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Red-light district one of Southeast Asia's biggest

In one of Southeast Asia’s largest red-light districts, sex workers are sent packing

AFP-JIJI

Sex workers in skintight outfits sit in shop windows, ignoring the call to prayer that blares from mosques across the heart of one of Southeast Asia’s biggest red-light districts.

The series of narrow alleys in Surabaya’s “Dolly” district on Indonesia’s Java Island teem with prostitutes touting for business, smiling through the windows and doorways of dingy clubs and bars housed in crumbling buildings.

While foreign tourists may first think of places such as Thailand when it comes to Southeast Asian red-light destinations, one of the largest has been challenging assumptions in the world’s most populous Muslim-majority country for decades, largely undisturbed by authorities.

But now a crusading mayor — credited with regenerating Surabaya, Indonesia’s second-biggest city after the capital, Jakarta — is making a determined push to close down the notorious brothel network despite fierce resistance and warnings that it could push sex workers into destitution.

“We have to lift our people from oppression,” said Tri Rismaharini, a female mayor who wears the Muslim headscarf and whose stewardship of Surabaya has led many to predict she could have a future role in national politics.

While the city says the plan is its own, Islamic leaders are also claiming credit after pressuring authorities for years over Dolly, which is thought to take its name from a Dutch madam who ran a brothel in the city during the Netherlands’ colonial rule of Indonesia.

Now, Rismaharini plans to close on Wednesday the brothels in Dolly and a neighboring area called Jarak, which have a largely local clientele.

Authorities are offering each of the estimated 1,400 prostitutes around 5 million rupiah ($420) and training in new professions that are expected to replace prostitution there, such as baking or handicrafts.

While many have welcomed the move, the plan has stirred strong opposition from sex workers and others whose jobs depend on Dolly, such as taxi drivers and street vendors who contribute to the area’s estimated nightly income of between 300 million-500 million rupiah ($25,000-$42,000).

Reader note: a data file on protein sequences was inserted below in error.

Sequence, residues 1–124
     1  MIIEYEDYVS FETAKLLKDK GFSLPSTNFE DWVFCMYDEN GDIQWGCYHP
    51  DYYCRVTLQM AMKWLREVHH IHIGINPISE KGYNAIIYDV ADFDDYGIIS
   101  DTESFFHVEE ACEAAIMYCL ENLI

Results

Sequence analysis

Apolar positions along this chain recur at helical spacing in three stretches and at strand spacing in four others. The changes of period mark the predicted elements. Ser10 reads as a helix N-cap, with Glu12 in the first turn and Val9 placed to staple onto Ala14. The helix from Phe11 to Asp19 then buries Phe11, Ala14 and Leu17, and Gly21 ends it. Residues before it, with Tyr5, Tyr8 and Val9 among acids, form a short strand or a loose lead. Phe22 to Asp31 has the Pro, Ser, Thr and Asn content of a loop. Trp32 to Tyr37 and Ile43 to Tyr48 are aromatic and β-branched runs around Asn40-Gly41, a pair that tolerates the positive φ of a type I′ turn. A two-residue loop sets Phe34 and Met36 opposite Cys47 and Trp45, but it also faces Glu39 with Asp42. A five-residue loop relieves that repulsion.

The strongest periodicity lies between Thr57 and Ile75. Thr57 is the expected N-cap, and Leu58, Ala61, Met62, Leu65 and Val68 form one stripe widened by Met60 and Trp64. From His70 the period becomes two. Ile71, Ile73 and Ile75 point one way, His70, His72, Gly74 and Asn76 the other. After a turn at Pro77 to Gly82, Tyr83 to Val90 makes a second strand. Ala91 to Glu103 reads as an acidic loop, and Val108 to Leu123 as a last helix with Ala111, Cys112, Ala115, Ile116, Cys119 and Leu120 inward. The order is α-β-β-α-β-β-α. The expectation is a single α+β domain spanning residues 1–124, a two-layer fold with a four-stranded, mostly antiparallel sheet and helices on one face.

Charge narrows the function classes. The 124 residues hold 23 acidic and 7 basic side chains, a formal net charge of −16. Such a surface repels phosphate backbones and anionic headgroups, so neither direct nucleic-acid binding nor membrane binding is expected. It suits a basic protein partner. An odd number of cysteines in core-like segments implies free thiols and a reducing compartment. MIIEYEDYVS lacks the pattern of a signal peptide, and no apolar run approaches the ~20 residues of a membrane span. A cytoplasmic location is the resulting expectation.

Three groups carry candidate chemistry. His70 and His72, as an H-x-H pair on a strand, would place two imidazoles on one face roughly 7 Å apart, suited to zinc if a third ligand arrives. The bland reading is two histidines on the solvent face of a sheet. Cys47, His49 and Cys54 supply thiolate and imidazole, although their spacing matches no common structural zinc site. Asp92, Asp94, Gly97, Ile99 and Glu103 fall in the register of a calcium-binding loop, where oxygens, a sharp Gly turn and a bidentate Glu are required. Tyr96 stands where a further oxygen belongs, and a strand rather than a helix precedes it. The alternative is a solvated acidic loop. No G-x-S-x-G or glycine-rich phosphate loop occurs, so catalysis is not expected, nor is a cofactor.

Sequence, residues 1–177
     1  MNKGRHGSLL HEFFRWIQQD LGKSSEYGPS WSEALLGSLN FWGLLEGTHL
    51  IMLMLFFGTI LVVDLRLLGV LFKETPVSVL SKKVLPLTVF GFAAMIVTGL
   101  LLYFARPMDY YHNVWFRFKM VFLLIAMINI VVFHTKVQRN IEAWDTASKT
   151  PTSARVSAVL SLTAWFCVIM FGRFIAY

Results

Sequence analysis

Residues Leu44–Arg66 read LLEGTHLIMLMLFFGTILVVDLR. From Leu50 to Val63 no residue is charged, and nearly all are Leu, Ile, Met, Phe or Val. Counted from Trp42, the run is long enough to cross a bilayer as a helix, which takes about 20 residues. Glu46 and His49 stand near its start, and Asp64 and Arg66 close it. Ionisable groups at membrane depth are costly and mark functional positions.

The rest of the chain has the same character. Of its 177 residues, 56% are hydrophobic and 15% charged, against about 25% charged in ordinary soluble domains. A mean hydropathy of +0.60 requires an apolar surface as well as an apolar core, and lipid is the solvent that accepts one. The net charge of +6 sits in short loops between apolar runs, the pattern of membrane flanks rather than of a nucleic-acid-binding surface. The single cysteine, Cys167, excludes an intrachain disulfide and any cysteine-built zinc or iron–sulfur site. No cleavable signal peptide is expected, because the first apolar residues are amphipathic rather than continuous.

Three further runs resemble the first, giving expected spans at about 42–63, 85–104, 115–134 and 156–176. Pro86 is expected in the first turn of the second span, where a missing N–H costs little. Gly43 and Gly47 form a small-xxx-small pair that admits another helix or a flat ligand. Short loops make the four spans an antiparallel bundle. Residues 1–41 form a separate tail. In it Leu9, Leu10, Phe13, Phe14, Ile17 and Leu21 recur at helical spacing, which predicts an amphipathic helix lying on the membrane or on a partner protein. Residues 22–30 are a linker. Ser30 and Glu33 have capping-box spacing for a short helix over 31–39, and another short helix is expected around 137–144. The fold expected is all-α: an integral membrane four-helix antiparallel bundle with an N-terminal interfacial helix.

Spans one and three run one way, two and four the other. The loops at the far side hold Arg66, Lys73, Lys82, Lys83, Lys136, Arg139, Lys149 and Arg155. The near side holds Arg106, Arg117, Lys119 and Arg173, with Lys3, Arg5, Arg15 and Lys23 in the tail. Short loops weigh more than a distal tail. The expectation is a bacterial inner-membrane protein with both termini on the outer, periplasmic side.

Sex workers and residents have been staging protests in recent weeks, and hundreds of prostitutes marched through Dolly earlier this month.

“I am not going to accept the government offer because I really need this work,” said Mawar, who gave only one name, sitting on a faded old sofa inside a club in Dolly.

“I would never be able to find another job because I did not even finish elementary school.”

The sex worker, who earns between 10 million and 13 million rupiah a month ($850 to $1,100), said it will be hard for her to support her two children, aged 5 and 8, if Dolly closes.

On a recent evening, there were crowds of people and hordes of cars and motorbikes thronging the streets, including many prostitutes and pimps. There were also couples out for a stroll and children playing, and the atmosphere was peaceful.

The area appeared to be operating normally in recent days, apart from regular protests during the day time.

According to local reports, the mayor will issue a declaration on Wednesday evening, saying that Dolly and Jarak are closed and police will move in to shut it down.

The prostitutes will have to leave the same day and will receive training for the next seven days, according to officials. Those who came from villages outside Surabaya will have to return to them.

For some members of the public, this will be a welcome move. “I want Dolly to be closed — this place brings shame on Surabaya,” said Siti, a 46-year-old teacher who, like many Indonesians, goes by one name. “The people who go there for girls are sexually unstable.”

But Lilik Sulistyowati, from NGO Yayasan Abdi Asih, which works with prostitutes in the area, warned that the workers are unlikely to go quietly.

“They will fight the closure,” she said, and blamed the government for trying to push through the plan in such a short time, saying authorities should have aimed to shut it within five years after retraining the sex workers.

Despite concerns in some quarters, for local Muslim leaders the closure will be a huge victory after years of campaigning.

“As the world’s most populous Muslim country, it is not too much to demand that Dolly be closed. What they are doing is not a job. Selling one’s body is immoral and inhuman behavior,” said Abdusshomad Buchori, local head of the country’s top Muslim clerical body, the Indonesia Ulema Council.